The strange and creepy disclosure about would-be spy novelist Q.R. Markham strikes chords. Markham, whose real name is Quentin Rowan, managed to patch together a complete and well-received espionage novel, Assassin of Secrets, by stealing passages, scenes and characters from masters of the genre, changing only character names in some cases. The Reluctant Habits blog is compiling the offenses, and they’re adding up quick.
Some want to call it a sorry form of sampling, except this was subterfuge. When Steve Martin did it in Dead Men Don’t Wear Plaid, it was near brilliant and a funny homage. Martin called his effort what it was.
Markham, he simply stole. The publisher, Little, Brown imprint Mulholland Books, yanked the book right at publication. Others have covered this from various angles. Spy novelist Jeremy Duns had praised Markham’s book in a book jacket blurb and then, horribly, discovered on an online forum that readers were unmasking Markham’s underhanded ruse. Duns was the one who alerted Mulholland Books, and writes about being bamboozled with admirable candor. Meanwhile, The New Yorker suggests that the Markham ploy may prove a puzzle, while thriller author Meg Gardiner suggests that there’s no mystery here. Markham, who Gardiner says could have spent the effort actually writing a novel rather than stealing from many, may simply be a “jackass.”
I have a related take: Q.R. Markham is Rupert Pupkin. In Martin Scorsese’s sharp and dark comedy The King of Comedy (1983), delusional wannabe comedian Pupkin (Robert De Niro) craves attention so bad that he ends up kidnapping America’s show biz legend, top TV host Jerry Langford (Jerry Lewis) and holding Langford hostage until his demand is met. Pupkin’s urgent need? Appearing on Langford’s show to do a monologue, for all of captive America to see. If only for one night.
If this New York Daily News story is a good indicator, Pupkin — I mean Markham — felt great pressure by the hallowed Brooklyn culture surrounding him. Working in a Park Slope bookstore while trying to write literary novels, Markham saw fellow writer types get anointed by the publishing gods just as other literary luminaries such as Paul Auster frequented his shop (as if to rub it in!). Our man in Brooklyn Markham craved that success, so he set to work on his great American rip-off.
I get the frustration. I’ve been writing for years. I wrote a comic literary novel, and tried a dark noir thriller fueled by anger at the world. Neither went anywhere. Other manuscripts stayed in the drawer and finally made it to the trash. But that’s the way it is. It’s the life. And the old axiom is true: When shitty things happen, just get back to writing. That’s what writers do, whether they’re a semi-struggling one like me or a heavyweight. My agent is a trooper and sticks with me, and I stick with him. As most writers will tell you, I’m lucky to even have one. It’s a lottery right on down the line. Meanwhile you don’t get time for much else, certainly not for plagiarizing. This is the closest thing to a true blog post I’ve done in a while.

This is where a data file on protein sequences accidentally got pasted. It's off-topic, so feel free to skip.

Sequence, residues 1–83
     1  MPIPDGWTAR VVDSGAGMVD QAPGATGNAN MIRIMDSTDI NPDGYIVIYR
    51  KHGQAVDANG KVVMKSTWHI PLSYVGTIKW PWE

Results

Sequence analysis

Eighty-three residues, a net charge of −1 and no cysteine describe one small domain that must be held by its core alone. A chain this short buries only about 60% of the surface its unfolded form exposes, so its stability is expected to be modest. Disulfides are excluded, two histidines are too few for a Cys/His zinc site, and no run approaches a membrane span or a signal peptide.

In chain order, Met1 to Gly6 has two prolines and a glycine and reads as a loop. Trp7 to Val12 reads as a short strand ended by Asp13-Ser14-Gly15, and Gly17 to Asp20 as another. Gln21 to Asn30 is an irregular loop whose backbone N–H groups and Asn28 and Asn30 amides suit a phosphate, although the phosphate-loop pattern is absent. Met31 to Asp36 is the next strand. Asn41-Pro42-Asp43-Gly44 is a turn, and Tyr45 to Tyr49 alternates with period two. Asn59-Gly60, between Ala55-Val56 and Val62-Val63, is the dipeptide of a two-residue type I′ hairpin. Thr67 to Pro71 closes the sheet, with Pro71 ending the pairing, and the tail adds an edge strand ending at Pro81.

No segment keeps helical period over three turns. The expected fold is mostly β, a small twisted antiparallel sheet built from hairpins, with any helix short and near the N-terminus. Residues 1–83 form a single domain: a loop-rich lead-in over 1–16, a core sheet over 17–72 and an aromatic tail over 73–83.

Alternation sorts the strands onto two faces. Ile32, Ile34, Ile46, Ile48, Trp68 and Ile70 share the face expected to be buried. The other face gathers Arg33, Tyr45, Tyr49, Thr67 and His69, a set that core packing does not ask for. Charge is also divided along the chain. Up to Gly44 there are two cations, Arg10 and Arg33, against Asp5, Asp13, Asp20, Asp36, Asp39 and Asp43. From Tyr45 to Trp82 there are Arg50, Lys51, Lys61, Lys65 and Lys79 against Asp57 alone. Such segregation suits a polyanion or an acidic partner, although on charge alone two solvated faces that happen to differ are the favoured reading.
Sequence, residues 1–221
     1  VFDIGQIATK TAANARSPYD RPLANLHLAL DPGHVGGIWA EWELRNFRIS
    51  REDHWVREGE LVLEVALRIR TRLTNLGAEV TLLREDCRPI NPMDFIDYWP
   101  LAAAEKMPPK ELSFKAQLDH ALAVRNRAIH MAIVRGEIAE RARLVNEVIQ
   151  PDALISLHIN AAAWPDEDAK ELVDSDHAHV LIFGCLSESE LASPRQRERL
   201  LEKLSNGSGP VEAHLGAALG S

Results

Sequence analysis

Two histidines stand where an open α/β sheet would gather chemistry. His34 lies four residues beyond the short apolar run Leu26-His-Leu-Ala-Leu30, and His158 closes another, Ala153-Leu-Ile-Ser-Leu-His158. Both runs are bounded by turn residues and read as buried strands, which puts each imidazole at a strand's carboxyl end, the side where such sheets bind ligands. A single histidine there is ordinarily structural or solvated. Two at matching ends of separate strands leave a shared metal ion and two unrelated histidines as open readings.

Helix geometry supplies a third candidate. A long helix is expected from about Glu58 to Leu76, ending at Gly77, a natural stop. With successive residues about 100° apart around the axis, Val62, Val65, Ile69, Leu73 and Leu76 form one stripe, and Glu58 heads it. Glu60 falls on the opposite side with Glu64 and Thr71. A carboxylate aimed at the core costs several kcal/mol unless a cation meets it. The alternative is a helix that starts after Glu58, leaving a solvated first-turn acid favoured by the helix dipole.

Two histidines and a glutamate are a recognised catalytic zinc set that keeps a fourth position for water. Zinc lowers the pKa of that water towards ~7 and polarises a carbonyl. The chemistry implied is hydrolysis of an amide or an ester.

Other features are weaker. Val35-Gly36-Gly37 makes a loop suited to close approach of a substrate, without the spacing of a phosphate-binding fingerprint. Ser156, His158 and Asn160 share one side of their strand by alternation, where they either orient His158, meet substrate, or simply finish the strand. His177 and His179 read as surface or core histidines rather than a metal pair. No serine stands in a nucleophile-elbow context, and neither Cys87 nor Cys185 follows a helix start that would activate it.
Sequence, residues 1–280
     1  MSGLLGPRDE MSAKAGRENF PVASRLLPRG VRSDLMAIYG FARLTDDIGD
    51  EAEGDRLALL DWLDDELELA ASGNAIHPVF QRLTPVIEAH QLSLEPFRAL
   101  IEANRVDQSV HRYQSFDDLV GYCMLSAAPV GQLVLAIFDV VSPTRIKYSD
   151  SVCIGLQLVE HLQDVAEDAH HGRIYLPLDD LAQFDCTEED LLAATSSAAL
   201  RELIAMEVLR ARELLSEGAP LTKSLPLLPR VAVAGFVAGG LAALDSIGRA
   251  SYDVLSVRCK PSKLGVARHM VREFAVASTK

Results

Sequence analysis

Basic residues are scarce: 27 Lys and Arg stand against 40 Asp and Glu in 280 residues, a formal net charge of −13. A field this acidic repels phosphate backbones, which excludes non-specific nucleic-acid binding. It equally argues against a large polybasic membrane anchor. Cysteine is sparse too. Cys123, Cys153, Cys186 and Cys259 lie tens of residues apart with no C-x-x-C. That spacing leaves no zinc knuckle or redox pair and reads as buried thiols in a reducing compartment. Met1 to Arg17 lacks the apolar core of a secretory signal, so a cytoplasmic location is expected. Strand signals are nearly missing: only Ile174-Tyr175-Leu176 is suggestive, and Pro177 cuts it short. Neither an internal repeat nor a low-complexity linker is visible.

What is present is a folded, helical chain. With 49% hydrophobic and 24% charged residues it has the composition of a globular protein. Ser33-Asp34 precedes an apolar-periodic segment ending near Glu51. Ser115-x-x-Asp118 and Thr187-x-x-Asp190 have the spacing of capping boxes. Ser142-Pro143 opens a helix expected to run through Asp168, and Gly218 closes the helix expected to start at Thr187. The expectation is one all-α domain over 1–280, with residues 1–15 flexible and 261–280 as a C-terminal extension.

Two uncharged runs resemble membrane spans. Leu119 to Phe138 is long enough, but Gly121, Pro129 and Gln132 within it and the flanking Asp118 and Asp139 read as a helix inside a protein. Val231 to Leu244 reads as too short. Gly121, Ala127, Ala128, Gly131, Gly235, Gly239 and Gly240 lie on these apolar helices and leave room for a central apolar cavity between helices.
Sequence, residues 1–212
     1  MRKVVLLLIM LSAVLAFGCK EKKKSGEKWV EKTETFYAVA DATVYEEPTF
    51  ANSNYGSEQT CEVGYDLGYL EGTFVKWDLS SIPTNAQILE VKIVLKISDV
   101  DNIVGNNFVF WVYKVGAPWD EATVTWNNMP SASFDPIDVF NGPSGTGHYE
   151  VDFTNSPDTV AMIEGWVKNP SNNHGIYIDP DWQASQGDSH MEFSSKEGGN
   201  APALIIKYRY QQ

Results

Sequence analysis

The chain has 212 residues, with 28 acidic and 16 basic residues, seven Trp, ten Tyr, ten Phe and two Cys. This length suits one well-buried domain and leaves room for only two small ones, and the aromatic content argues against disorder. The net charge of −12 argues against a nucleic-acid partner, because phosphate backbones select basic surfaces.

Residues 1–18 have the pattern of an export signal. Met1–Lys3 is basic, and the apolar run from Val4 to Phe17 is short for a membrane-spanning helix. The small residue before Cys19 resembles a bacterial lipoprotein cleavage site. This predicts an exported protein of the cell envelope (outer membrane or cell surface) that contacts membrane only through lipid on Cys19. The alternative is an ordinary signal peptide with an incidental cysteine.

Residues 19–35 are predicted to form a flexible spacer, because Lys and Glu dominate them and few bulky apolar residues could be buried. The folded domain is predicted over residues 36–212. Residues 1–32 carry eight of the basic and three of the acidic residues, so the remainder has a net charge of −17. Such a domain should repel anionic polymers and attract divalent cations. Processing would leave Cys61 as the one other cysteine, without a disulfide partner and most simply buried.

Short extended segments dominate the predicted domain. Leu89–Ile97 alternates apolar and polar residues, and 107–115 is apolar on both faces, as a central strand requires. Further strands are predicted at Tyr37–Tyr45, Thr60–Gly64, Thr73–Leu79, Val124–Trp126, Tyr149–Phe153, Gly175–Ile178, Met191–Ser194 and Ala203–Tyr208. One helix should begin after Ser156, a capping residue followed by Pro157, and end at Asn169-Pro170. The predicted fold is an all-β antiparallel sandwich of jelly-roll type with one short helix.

Markham gave in to a world where the right attention means everything, and it doesn’t let him off the hook. I probably align with Ms. Gardiner’s take, as would many writers and authors. What really irks is that Markham did much of his stealing from one of the best and most overlooked espionage writers, Charles McCarry. McCarry is a favorite. The writer’s author, a maestro like McCarry writes on regardless of interest. Attention isn’t an end goal. The real authors just want to be able to do what they do for a living. They do it for the love of doing it, whether readers find their craft good or bad. Sadly, our fools Quentin and Rupert never knew that, and their dumbass actions prevent them from ever knowing what true love feels like. They not only gave up. They did the only thing worse. They cheated.
As I write this, I find via Jeremy Dun’s Twitter feed that someone else has arrived at the same conclusion. None other than a fake Sean Connery account, @BigTamConnery, says it best: “Markham ish not even worthy to be called the Rupert Pupkin of Shpy ficshion.”
Today many are scrambling to snap up those copies of Assassin of Secrets that made it out into the world, which of course sent sales soaring.
My advice? Go get yourself a Charles McCarry novel instead.
UPDATE, Nov. 14: The wanton plagiarizer himself, Q.R. Markham aka Quentin Rowan, surfaced today to answer some probing questions from Jeremy Duns. Markham's confession — if true — is telling, and a little pathetic, but it should never let him off the hook. Find the questions and answers by scrolling down to the comments of Duns' latest post. Lots of good comments there, too. As for Duns, I can imagine he just wants to get back to writing what he writes. I know I would.